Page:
Shallow Thoughts

Akkana's Musings on Open Source Computing and Technology, Science, and Nature.

Tue, 27 Aug 2019

Plane Fishing

[plane fishing] White Rock has a "glider port", which is just an informal spot along the edge of the canyon where sometimes people fly R/C sailplanes. On days when the winds are right, gliders can get some pretty good lift.

Last Sunday wasn't one of those days. The wind was coming from every direction but east, so the gliders were having to use their motors periodically to climb back up to altitude.

I was mostly trying to stay above the canyon rim, but I noticed all the other pilots were flying down below, so I decided maybe it wasn't that dangerous to let my plane get a little below the edge for a while before starting the motor. Wrong! Below the edge of the canyon, there's a risk of catching some evil rotors off the cliffs. One of those rotors caught my glider's wing and tossed it into a spiral. I was able to recover and get the plane flying straight again -- straight toward the cliff. It smacked hard -- I saw parts flying everywhere.

I didn't expect that the plane itself was salvageable -- it's only styrofoam, after all -- though it looked surprisingly intact. In any case, Dave and I hoped to recover the components: battery, motor, receivers, servos. Hiking to the plane proved difficult: you can get fairly near there on the Blue Dot trail, but then you need to climb three levels of cliff to reach the place where the plane sat. Coming down from above definitely would have required rapelling gear.

But Dave had an idea: let's go fishing!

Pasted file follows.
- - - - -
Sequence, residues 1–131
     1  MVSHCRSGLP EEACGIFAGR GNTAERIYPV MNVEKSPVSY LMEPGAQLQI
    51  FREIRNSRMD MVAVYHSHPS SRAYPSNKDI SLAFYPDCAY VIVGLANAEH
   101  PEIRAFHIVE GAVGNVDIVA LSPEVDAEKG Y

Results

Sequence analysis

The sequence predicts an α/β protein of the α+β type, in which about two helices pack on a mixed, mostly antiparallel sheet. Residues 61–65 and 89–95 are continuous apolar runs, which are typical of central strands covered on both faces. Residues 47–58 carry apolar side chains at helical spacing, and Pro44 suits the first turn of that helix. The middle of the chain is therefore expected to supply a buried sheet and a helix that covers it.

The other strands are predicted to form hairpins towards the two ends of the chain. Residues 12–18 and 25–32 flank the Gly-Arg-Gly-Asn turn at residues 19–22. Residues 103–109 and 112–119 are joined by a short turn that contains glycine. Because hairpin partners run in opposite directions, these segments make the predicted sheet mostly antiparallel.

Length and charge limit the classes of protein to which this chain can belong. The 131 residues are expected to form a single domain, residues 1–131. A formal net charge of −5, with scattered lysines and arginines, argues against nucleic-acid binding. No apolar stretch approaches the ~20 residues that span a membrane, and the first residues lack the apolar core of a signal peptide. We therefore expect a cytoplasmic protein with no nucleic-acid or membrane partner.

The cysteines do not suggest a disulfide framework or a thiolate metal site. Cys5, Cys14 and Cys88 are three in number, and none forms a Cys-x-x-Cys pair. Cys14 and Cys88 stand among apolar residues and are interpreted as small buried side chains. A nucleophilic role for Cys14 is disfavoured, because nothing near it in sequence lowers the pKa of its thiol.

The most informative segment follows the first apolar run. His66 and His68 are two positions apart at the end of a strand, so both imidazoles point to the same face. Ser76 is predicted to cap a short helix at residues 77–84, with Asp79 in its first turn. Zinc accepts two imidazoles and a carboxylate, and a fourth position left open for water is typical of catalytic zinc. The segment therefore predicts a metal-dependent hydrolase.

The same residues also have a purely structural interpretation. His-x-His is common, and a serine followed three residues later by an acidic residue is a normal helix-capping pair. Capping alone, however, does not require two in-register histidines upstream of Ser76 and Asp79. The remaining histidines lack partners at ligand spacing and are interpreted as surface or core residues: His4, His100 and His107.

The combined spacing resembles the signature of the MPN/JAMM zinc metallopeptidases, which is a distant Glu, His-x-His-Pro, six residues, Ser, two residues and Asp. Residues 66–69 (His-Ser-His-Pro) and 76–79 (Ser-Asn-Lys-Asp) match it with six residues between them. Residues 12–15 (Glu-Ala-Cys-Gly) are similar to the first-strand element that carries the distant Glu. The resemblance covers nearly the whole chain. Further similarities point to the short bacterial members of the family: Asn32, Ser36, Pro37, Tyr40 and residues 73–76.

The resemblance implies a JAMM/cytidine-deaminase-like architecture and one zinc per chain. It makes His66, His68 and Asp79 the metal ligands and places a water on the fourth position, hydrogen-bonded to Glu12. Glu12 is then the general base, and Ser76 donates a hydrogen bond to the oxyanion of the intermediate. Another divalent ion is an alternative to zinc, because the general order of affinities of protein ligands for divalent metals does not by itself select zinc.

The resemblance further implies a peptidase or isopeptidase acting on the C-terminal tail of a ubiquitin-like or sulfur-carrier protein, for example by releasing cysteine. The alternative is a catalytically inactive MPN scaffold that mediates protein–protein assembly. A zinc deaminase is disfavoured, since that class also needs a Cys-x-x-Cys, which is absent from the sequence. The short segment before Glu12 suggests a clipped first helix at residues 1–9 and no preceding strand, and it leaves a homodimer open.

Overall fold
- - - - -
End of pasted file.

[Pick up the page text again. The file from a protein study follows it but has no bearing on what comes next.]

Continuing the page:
It took some experimenting to figure out what sort of hook, line and pole you need to fish for a thirty-ounce plane that's fifty feet down a sheer cliff out of sight from the cliff above it. Dave did the fishing and I acted as the caller, sitting some hundred feet away where I could spot the plane through binoculars and shout out which direction he needed to move the line. But we got it in the end! I shot some quick snapshots while I wasn't busy spotting, which you can see here: Plane Fishing (photos).

[plane on the hook] Amazingly, the plane was almost undamaged. The plastic spinner was destroyed, but the motor seems fine. The nose of the plane is very slightly askew but not broken. The battery, after being plugged in to the receiver for 48 hours, was down to zero volts, but when we charged it carefully, it took a charge. The canopy went flying off at the moment of impact and is down there in the rocks somewhere, so I have a new canopy, spinner and collet on backorder, but in the meantime, the plane is probably flyable. I'll find out this weekend -- but if we fly at the gliderport, I'm not letting it get lower than cliff level, ever!

[ 16:57 Aug 27, 2019    More misc | permalink to this entry | comments ]

Tue, 06 Aug 2019

Update on my Rescued Nestlings

Last month I wrote about the orphaned nestlings I found on the ground off the back deck, and how I took them to a rehabilitator when the parents didn't come back to feed them.

Here's the rest of the story. Warning: it's only half a happy ending.

[Nestlings starting to feather out] Under the good care of our local bird rehabilitator, they started to feather out and gain weight quickly. She gave me some literature on bird rescue and let me visit them and help feed them. There's a lot of work and responsibility involved in bird rehabilitation!

[Nestlings starting to feather out] I'd sometimes thought I wanted to be a rehabilitator; now I'm not so sure I'm up to the responsibility. Though the chicks sure were adorable once they started to look like birds instead of embryos, sitting so trustingly in Sally's hand.

[Looking more like a bird] The big mystery was what species they were. Bird rehabilitators have charts where you can look up bird species according to weight, mouth color, gape color, skin color, feather color, and feet and leg size. But the charts only have a few species; they're woefully incomplete, and my babies didn't match any of the listings. We were thinking maybe robin or ash-throated flycatcher, but nothing really matched.

Fortunately, you can feed the same thing to anything but finches: Cornell makes a mixture of meat, dog food, vitamins and minerals that's suitable for most baby birds, though apparently it's dangerous to feed it to finches, so we crossed our fingers and guessed that they were too big to be house finches.